Philosopher invents emojis…. in the 1930s

As transcribed by one of Ludwig Wittgenstein’s students (and then set to type by a publisher) from the philosopher’s lectures at the University of Cambridge:CVqPzPSUYAA58NsWittgenstein went on to say, famously, “what we cannot speak about, we must pass over in silence.”   In other words, when words fail we might want to use emojis.  Wittgenstein managed to say quite a lot about the topic.

More often these days, I’m managing to resist the urge to tag my email and text messages with an emoji.  The sentiment can seem too flat, too unambiguous for my meaning.  True, I haven’t dived in to the expanded library of figures available now on smartphones, but could there be something valuable in letting the receiver grapple with the emotional meaning hidden in my words?

Recent developments in understanding the relation between language and emotion suggest that text conveys emotional content without directly referring to emotions, without relying on prosody, and (most likely) without relying on prior association of emotion with the particular linguistic patterns.  If readers have an ability to construct, or re-construct, emotional messages from sparse chunks of text, why not let them?   After all, great literary works manage to engage empathy and inspire “Likes” (in the form of books sales) without smiley faces.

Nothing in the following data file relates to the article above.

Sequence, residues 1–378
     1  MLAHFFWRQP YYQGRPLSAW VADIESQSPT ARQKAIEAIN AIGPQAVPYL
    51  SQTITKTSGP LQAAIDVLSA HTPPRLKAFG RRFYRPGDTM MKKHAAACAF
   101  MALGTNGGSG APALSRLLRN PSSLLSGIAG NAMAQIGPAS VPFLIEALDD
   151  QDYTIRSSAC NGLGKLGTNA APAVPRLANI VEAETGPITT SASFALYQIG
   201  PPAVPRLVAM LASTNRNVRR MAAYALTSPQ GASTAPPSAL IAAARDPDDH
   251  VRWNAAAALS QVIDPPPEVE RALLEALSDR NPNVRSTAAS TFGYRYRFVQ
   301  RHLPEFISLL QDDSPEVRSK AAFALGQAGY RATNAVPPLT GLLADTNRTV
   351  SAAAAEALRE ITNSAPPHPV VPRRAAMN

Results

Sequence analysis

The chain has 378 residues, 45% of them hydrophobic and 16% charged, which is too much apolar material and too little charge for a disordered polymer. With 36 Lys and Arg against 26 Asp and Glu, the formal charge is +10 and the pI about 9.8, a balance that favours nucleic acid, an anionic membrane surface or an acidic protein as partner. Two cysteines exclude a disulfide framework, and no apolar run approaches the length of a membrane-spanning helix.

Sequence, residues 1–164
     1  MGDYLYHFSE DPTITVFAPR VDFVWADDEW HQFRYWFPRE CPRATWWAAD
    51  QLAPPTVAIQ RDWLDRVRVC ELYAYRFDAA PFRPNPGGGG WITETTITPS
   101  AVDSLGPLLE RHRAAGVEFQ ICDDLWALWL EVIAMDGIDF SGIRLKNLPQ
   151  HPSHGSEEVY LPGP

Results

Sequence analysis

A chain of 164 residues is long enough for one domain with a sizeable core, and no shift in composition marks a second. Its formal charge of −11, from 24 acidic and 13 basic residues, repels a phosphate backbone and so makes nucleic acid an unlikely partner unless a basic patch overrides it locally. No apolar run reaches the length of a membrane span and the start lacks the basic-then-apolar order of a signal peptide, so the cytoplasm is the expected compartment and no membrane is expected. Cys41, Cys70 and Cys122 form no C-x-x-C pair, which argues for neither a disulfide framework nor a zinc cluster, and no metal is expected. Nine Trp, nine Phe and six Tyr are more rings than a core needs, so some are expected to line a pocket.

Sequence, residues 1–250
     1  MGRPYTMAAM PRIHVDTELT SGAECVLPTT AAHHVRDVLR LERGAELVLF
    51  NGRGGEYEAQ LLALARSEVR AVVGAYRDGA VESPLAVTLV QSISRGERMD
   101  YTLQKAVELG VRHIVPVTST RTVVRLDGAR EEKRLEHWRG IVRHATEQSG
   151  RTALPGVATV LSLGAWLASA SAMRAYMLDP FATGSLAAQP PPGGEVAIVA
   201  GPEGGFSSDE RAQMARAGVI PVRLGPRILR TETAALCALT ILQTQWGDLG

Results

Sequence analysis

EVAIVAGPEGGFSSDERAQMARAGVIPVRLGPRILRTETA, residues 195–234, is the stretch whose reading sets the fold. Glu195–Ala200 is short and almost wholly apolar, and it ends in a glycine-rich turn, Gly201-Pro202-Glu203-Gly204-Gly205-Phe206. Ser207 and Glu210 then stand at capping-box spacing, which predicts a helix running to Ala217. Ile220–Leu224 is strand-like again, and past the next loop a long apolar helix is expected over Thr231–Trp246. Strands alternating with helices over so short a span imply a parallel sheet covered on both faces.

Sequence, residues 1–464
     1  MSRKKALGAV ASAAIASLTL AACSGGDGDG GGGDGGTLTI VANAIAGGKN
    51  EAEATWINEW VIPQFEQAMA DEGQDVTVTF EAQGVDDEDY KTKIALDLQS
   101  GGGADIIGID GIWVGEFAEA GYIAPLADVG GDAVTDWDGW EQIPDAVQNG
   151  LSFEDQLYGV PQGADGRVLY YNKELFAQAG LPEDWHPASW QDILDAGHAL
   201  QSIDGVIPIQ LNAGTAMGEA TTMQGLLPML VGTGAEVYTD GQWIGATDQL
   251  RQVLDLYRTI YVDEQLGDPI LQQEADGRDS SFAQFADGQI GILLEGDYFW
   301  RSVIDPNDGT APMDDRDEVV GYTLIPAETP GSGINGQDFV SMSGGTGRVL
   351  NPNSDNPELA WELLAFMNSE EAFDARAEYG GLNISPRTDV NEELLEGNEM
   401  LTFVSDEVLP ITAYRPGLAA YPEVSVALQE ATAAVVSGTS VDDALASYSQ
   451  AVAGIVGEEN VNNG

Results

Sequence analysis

So, are emojis impish enablers, causing us to sell ourselves short as emotional communicators?  Or do they facilitate emotional connection by co-mingling seamlessly with our words?

Update:  Subsequent to posting the forgoing thoughts, I came across the following recently published study.

The Dark Side of a Smiley:  Effects of Smiling Emoticons on Virtual First Impressions

First impressions are heavily influenced by emotional expressions such as smiles. In face-to-face contact, smiling individuals are perceived as warmer and as more competent than nonsmiling individuals. In computer-mediated communication, which is primarily text-based, the “smiley” (☺) constitutes the digital representation of a smile. But is a smiley a suitable replacement for a smile? We conducted three experiments to examine the impact of smiley use on virtual first impressions in work-related contexts. Our findings provide first-time evidence that, contrary to actual smiles, smileys do not increase perceptions of warmth and actually decrease perceptions of competence. Perceptions of low competence in turn undermined information sharing. The adverse effects of smiley use are moderated by the formality of the social context and mediated by perceptions of message appropriateness. These results indicate that a smiley is not a smile. The findings have implications for theorizing on the social functionality of virtual emotional expressions.